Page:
status;
4. Whether the respondent's application for adjustment merits a favorable

5. The reason for continuance and any other relevant procedural issues.
After considering the factors set forth in Matter of Hashmi, the Court does not find
good cause for a further continuance. The respondent was placed in removal
proceeding over two years ago. The Court has granted a continuance for adjudication
of the visa petition filed on his behalf. However, the visa petition was denied on the
merits by USCIS. The written decision of USCIS found that the petitioner had not met
her burden of proof in demonstrating the bona fide nature of the marriage to the
beneficiary by a preponderance of evidence.
The respondent's attorney notes that there are arguments to be made on appeal
as to how the decision denying the visa petition was improper and based on conflicting
information. The respondent has appealed the denial of the visa petition to the Board of
Immigration Appeals. The Department does opposea any further continuance. The
respondent is not today statutorily eligible to request adjustment of status because the
underlying visa petition was denied. Whether the respondent's visa petition will be
reversed on appeal by the Board is, at this point, unknown to the Court.
The respondent does have a criminal conviction in the United States District
Court for the Eastern District of Missouri. However, it does not appear this would be a
disqualifying criminal conviction or a Section 212(h) waiver would be required for a
crime involving moral turpitude. However, certainly the criminal conviction could be
considered in the exercise of discretion on any application for adjustment of status.
Based on the underlying denial of the visa petition and the Department's
opposition to any further continuance as well as the procedural history in this case
A205-286-616

July 8, 2014

Immigrant & Refugee Appellate Center, LLC | www.irac.net

exercise of discretion; and

where the respondent was placed in removal proceedings over two years ago and has
been granted a continuance for adjudication of the visa petition, for all these reasons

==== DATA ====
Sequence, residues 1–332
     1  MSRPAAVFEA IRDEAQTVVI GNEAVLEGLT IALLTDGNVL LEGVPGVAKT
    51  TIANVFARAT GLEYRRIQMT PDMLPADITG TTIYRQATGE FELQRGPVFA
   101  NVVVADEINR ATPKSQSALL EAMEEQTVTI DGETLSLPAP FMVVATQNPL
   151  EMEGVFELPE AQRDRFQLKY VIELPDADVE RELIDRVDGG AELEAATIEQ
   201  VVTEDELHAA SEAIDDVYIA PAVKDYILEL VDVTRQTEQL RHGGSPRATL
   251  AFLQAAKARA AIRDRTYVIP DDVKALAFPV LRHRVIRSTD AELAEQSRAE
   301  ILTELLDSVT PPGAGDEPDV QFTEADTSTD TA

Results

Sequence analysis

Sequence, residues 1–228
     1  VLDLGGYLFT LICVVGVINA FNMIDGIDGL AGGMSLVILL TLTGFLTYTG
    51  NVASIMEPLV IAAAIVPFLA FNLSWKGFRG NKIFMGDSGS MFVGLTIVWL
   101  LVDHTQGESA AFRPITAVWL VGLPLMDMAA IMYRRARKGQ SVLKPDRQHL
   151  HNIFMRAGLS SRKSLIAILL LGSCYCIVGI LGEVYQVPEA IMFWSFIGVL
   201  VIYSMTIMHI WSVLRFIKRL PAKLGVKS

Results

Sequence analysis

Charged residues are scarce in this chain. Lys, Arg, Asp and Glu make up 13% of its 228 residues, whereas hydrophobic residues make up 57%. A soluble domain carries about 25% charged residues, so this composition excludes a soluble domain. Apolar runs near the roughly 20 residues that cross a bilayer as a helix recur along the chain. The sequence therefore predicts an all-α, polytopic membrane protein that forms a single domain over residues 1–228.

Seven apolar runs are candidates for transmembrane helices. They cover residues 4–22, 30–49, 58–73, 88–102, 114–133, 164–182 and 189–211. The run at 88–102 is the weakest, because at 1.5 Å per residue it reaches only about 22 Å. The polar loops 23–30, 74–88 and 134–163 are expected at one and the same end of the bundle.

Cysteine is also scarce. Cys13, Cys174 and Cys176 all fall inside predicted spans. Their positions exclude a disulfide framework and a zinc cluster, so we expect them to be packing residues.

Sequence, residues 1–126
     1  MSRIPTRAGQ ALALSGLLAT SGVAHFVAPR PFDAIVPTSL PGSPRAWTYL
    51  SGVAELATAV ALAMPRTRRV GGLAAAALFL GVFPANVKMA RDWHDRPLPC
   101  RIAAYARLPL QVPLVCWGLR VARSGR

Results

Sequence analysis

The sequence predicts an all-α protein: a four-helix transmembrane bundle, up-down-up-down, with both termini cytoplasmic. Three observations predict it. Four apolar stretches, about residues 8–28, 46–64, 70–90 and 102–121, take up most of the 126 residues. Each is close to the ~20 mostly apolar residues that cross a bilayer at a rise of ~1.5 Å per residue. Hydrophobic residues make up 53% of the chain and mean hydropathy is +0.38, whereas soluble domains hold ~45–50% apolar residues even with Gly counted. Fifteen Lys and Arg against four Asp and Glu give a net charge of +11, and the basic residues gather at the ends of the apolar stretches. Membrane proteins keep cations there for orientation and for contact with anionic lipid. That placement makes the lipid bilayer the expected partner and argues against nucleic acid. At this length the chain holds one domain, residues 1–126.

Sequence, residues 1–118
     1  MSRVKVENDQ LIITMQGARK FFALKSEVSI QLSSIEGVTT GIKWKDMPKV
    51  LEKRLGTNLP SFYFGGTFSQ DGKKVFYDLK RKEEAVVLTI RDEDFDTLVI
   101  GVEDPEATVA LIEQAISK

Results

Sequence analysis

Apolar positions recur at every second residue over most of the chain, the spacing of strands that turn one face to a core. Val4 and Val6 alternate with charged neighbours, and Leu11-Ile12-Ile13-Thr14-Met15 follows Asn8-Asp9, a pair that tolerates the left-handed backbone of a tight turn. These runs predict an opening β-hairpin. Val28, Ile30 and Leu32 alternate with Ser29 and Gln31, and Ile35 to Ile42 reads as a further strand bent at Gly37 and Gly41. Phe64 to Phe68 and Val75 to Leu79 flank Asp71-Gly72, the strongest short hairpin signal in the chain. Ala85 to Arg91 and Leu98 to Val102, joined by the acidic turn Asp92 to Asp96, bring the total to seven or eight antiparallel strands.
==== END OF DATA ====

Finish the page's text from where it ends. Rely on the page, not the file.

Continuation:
continuance will be denied.


The respondent has requested the only other relief that he is eligible for, which is
voluntary departure at the conclusion of proceedings. He has agreed he can post the
$500 voluntary departure bond and will comply with the Court's order. The respondent
will reserve appeal of the Court's decision. The Department has not opposed voluntary
departure at the conclusion of proceedings as a matter of law or in discretion. The
Court will grant this relief and grant the respondent the opportunity to appeal to the
Board of Immigration Appeals.
After considering the record in total, the following orders are entered:
ORDERS
ORDER: The respondent's motion for continuance is denied.
FURTHER ORDER: The respondent is granted voluntary departure from the
United States without expense to the Government within 60 days from the date of this
order to September 8, 2014. The respondent is required to post with OHS a voluntary
departure bond of $500 within five business days from the date of this order. If an
appeal of this decision is taken to the Board of Immigration Appeals, the respondent
must notify the Board within 30 days that the requisite voluntary departure bond was
posted or the Board will not consider voluntary departure in the final order. And the The
respondent will be provided orally and in writing the consequences of failing to depart
and the advisals relating to the motion to reopen.
In the event the respondent fails to comply with the foregoing terms, the grant of
voluntary departure shall automatically terminate and the respondent shall be removed
A205-286-616

July 8, 2014

Immigrant & Refugee Appellate Center, LLC | www.irac.net

the Court does not find good cause for a further continuance, and the motion for

from the United States to Kenya on the charges contained in the Notice to Appear and
Form 1-261.

Immigrant & Refugee Appellate Center, LLC | www.irac.net

PAULA V. DAVIS
Immigration Judge

A205-286-616

July 8, 2014

from the United States to Kenya on the charges contained in the Notice to /\ppear and

Form

Immigrant & Refugee Appellate Center, LLC | www.irac.net

PAUL/\ V. DAVIS

A205-286-616

July 8, 2014

..

/Isl/
Immigration Judge PAULA V. DAVIS

A205-286-616

Immigrant & Refugee Appellate Center, LLC | www.irac.net

davisp on September 17, 2014 at 4:02 PM GMT

July 8, 2014.